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___ Yellen signals more aggressive stance toward banks WASHINGTON (AP) — The Federal Reserve may be about to turn more aggressive in its regulation of the financial system. Fed Chair Janet Yellen suggested Tuesday that current regulatory rules might not be enough to prevent the kind of risk-taking that triggered the 2008 financial crisis and nearly toppled the entire banking system.

British official annual inflation slows to 1.6%: official data

Britain's 12-month inflation slowed to 1.6 percent in March, the lowest for four and a half years, official data showed on Tuesday. The latest figure comes against a background of growing concern about deflationary pressures in Europe, notably in the eurozone to which Britain does not belong, and also in central europe. The rate had stood at 1.7 percent in February and at 1.9 percent in January, holding underneath the Bank of England's target level of 2.0 percent. The March rate was the lowest since October 2009 but was in line with market expectations.

Greek short-term borrowing costs tumble after return to bond market

ATHENS, Greece - Greece's borrowing costs in a short-term debt sale have tumbled, days after the country returned to the international bond markets. The interest rate on a 13-week treasury bill issued Tuesday fell to 2.45 per cent, compared with 3.1 per cent for a similar issue last month, according to the public debt management agency. Greece raised 1.625 billion euros ($2.25 billion) in Tuesday's sale, which was 2.73 times oversubscribed.

Food company Nestle sees sales rise 4.2 per cent in Q1 despite weak prices in Europe

FRANKFURT - Food company Nestle SA says sales rose 4.2 per cent in the first quarter compared with a year ago despite deflationary pressures in Europe. The Switzerland-based maker of Lean Cuisine, Nespresso and Haagen-Dazs said Tuesday that sales of 20.8 billion Swiss francs ($23.7 billion) were held back by a strong franc and by a flat retail environment that is keeping prices down in Europe. Sales there fell 0.8 per cent. Candy sales were reduced by a later Easter, which pushed sales of sweets into the second quarter.

World stocks mostly down as Ukraine tensions bubble, doubts surface over China growth

TOKYO - World stock markets were mostly lower Tuesday as Ukraine tensions continued to bubble and jitters about China's economy resurfaced. Hong Kong's Hang Seng was down 1.6 per cent at 22,671.26 as a drop in China's money supply unnerved investors ahead of first quarter economic growth figures due Wednesday. China's Shanghai Composite Index shed 1.4 per cent to 2,101.60.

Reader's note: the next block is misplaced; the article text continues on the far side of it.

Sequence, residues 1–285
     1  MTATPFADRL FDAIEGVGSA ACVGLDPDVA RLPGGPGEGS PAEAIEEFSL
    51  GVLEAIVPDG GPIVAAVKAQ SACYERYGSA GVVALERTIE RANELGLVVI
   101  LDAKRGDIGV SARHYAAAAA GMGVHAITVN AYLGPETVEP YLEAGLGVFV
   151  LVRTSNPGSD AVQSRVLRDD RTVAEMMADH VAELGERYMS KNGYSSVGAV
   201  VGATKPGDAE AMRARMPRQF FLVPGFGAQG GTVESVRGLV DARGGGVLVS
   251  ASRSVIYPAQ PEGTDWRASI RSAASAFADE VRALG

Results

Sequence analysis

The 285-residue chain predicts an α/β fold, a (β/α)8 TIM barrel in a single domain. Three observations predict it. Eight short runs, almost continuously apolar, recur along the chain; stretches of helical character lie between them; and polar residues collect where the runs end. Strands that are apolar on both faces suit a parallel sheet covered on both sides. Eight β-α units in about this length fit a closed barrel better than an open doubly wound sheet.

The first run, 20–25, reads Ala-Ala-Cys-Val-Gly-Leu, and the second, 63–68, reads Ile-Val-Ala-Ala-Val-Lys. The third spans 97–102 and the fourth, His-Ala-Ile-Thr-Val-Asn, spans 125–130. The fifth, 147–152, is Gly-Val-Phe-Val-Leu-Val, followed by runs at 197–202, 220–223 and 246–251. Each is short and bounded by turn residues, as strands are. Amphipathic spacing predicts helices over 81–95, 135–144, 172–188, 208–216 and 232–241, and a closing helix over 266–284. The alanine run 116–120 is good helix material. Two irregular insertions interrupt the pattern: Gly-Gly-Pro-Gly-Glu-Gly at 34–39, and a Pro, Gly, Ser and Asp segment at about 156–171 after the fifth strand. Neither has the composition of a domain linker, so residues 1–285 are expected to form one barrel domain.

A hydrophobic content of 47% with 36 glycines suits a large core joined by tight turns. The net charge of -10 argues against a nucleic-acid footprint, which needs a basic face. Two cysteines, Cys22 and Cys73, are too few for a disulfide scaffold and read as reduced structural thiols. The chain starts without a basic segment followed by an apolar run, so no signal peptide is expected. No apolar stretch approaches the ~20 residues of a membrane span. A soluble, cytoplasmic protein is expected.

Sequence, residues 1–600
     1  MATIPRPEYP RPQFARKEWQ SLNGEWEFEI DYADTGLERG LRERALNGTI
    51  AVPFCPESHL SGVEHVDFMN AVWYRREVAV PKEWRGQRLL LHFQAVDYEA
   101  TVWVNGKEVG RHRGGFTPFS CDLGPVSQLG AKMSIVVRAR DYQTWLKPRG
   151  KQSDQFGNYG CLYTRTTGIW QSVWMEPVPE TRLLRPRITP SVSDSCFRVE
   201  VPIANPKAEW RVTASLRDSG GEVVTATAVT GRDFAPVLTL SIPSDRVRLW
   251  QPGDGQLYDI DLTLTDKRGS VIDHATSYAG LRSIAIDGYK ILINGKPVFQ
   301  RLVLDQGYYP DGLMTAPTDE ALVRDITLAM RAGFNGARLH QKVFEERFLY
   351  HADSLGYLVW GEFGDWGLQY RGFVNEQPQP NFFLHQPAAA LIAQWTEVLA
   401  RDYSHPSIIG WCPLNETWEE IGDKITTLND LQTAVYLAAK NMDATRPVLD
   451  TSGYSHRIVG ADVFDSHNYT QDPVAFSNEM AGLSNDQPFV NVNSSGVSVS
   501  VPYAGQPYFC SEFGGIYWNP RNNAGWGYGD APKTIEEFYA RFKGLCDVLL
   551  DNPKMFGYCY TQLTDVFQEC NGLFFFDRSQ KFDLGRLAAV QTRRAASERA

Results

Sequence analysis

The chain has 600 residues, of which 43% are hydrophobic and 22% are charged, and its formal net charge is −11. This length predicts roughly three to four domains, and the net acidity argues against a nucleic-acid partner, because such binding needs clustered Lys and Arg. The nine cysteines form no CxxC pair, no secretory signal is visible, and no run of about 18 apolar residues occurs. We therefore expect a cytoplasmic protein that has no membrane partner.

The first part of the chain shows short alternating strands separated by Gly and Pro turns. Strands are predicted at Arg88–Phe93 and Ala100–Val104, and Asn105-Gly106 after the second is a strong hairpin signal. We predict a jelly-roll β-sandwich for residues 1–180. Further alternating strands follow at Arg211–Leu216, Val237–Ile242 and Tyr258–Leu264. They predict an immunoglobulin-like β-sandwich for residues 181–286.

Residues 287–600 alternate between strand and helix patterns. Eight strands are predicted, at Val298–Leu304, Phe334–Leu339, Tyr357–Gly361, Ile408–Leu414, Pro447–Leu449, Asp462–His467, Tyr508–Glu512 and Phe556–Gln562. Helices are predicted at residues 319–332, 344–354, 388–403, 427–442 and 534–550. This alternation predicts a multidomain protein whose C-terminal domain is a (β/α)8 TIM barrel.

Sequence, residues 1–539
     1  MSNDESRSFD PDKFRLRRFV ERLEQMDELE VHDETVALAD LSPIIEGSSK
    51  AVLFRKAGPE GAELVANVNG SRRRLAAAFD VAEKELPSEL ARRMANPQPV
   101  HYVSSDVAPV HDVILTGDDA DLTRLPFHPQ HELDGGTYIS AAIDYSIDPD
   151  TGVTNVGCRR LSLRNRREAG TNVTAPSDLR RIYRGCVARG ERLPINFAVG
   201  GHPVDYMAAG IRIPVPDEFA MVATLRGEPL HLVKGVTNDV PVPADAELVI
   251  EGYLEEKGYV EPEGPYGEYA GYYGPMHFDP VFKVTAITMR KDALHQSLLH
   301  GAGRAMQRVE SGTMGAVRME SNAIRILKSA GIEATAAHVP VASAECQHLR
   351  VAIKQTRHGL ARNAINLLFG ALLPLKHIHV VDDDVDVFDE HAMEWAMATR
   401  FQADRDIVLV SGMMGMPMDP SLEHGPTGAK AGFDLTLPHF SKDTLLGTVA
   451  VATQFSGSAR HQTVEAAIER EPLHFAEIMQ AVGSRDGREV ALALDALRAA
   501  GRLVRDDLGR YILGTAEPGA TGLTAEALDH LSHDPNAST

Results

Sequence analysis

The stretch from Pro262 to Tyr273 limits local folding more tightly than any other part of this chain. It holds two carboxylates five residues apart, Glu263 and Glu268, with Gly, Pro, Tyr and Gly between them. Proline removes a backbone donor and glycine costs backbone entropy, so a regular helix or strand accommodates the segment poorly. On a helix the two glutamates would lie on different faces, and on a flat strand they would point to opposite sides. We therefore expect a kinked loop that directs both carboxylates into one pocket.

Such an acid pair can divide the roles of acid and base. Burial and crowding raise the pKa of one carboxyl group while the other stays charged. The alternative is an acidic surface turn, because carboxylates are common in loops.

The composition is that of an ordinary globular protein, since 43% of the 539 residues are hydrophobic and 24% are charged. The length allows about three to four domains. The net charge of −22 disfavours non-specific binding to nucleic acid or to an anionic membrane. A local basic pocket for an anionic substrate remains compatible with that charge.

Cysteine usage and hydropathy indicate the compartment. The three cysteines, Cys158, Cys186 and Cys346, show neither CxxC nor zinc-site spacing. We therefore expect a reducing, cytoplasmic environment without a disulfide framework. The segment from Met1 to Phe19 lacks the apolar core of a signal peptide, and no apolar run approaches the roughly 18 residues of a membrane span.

Dollar holds steady in Asia on upbeat US economy view

The dollar held firm in Asia Tuesday after solid retail sales data boosted confidence in the US economy while tensions in Ukraine and speculation over more European Central Bank monetary easing weighed on the euro. In midday Tokyo trade, the greenback fetched 101.87 yen, up from 101.82 yen in New York Monday afternoon. The euro fetched $1.3815 and 140.75 yen, little changed from $1.3820 and 140.74 yen in US trade. US stock prices jumped on Monday thanks to a better-than-expected earnings report from Citigroup and encouraging retail sales data.

European stocks end up as upbeat US news buoys mood

European stock markets closed higher on Monday, recouping earlier losses as traders shook off concerns about the crisis in Ukraine on the back of positive data from the US. Wall Street opened higher after government data showed retail sales surged 1.1 percent in March as consumers ramped up spending following brutally cold weather earlier in the winter.

ECB's Bonnici - euro a bit higher than ideal for export boost

FRANKFURT (Reuters) - The euro's exchange rate "is still at a higher level than would be desirable" for net exports to support economic growth in the euro zone, European Central Bank policymaker Josef Bonnici told Market News International. Bonnici, who also heads the central bank of Malta, said that inflows of money into the euro zone "are in part the result of greater confidence in the euro zone, which is also reflected in a stronger exchange rate."

ECB's Bonnici - euro a bit higher than ideal for export boost

FRANKFURT (Reuters) - The euro's exchange rate "is still at a higher level than would be desirable" for net exports to support economic growth in the euro zone, European Central Bank policymaker Josef Bonnici told Market News International. Bonnici, who also heads the central bank of Malta, said that inflows of money into the euro zone "are in part the result of greater confidence in the euro zone, which is also reflected in a stronger exchange rate."

Eurozone industrial output edges up in February

Eurozone industrial output edged higher in February, official data showed Monday, in line with recent data showing a very modest economic recovery in the single currency bloc. The activity of the industrial sector is closed watched in the eurozone where there is deep concern in some countries about the low competitiveness of industry, particularly on export markets. Industrial output in the 18-nation eurozone rose 0.2 percent compared with the level in January when it was flat, the Eurostat statistics agency said.
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